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From the Country of Eight Islands: An Anthology of Japanese Poetry

From the Country of Eight Islands An Anthology of Japanese Poetry John Ashbery

John Ashbery

  • [PDF] Read ä From the Country of Eight Islands: An Anthology of Japanese Poetry : by Hiroaki Sato Burton Watson J. Thomas Rimer
    499 Hiroaki Sato Burton Watson J. Thomas Rimer

About Author

  1. Hiroaki Sato Burton Watson J. Thomas Rimer says:
    Hiroaki Sato born 1942, is a Japanese poet and prolific translator who writes frequently for The Japan Times He has been called by Gary Snyder perhaps the finest translator of contemporary Japanese poetry into American English.

Comment 879 on “From the Country of Eight Islands: An Anthology of Japanese Poetry

  1. Steve says:
    This is the longest book of poetry I have ever read It is beautiful and allows for the great scope of change in Japanese poetry.My personal favourite poem was, In Praise of Sake by Otomo No Tabito I just love the line, Rather than be a so so human being, I d like to be a sake jar and get steeped in sake I really enjoyed the poetic form, Renga, and have discovered new poets I want to check out, like Ishikawa Tabuboku and Tomioka Taeko I am always concerned about translations, especially regarding [...]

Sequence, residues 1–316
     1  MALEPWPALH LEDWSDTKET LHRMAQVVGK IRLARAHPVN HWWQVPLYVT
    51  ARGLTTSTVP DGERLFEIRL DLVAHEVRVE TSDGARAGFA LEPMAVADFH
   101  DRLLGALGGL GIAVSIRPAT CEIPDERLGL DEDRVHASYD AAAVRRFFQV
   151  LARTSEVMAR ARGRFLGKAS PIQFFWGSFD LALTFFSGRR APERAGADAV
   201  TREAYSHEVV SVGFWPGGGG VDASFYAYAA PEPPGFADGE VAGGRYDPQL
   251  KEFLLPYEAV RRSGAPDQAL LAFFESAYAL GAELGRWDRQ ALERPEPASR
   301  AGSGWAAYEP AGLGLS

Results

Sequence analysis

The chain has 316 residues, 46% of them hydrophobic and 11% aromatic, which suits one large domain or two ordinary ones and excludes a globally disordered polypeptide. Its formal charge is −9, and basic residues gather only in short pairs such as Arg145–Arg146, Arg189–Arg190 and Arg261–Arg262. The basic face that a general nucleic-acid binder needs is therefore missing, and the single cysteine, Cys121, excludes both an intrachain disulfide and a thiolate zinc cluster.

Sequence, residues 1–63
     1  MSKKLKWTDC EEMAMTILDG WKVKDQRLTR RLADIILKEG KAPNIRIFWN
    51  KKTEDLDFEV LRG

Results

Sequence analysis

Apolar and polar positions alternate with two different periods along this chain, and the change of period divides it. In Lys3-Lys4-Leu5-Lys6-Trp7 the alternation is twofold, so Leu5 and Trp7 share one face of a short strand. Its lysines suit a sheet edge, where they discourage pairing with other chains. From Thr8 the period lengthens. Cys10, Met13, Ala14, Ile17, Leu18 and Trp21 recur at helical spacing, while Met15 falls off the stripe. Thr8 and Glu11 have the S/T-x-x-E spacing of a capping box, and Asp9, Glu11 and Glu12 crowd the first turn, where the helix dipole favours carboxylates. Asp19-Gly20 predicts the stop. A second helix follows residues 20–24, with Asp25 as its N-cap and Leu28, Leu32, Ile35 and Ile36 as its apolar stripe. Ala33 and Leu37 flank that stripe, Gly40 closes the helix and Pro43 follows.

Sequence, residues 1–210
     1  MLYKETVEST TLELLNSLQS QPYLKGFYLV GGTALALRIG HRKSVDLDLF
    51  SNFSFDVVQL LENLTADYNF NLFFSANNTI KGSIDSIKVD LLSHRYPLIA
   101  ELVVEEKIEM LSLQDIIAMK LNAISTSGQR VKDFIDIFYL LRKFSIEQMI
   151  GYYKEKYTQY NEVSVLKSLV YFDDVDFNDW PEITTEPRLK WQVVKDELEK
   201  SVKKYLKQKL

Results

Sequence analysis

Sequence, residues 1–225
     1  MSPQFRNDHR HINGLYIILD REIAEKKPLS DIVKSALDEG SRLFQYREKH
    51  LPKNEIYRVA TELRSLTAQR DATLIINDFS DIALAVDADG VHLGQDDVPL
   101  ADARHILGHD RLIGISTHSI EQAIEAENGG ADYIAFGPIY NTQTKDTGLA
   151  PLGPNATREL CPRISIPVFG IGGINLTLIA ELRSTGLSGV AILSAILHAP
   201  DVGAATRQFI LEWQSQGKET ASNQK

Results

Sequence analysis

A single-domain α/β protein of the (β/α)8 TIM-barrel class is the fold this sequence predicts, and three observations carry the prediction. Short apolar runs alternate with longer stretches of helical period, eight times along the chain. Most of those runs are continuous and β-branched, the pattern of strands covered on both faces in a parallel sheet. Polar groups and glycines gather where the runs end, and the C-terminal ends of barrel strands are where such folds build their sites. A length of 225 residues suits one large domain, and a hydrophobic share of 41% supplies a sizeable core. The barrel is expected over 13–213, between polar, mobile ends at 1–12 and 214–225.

2. Aidan Collins says:
    There are the masters, of course I m tired of children to anyone who says that, no flowers Matsuo Bash But then there are such gems as At midday when the sea s visible in the window, through the pine trees, I kiss the hair of someone sleeping peacefully Wakayama BokusuiandKissShe came home, smelling of another man.And so I could not kiss her.Then the two of us got under the quiltsthat still held the sun s heat.That day the weather was nice all day.And yet I could not kiss her.She pressed her bre [...]

  3. George says:
    This book is to Japanese poetry what Sunflower Splendor is to Chinese verse see my review of the latter In particular, the translations of the great lost Surrealist, Takiguchi Shuzo, are themselves enough to recommend this magnificent book.

  4. Patrick T. Randolph says:
    This is a brilliant collection of Japanese verse that takes the reader through each century with a whisper and a wink.

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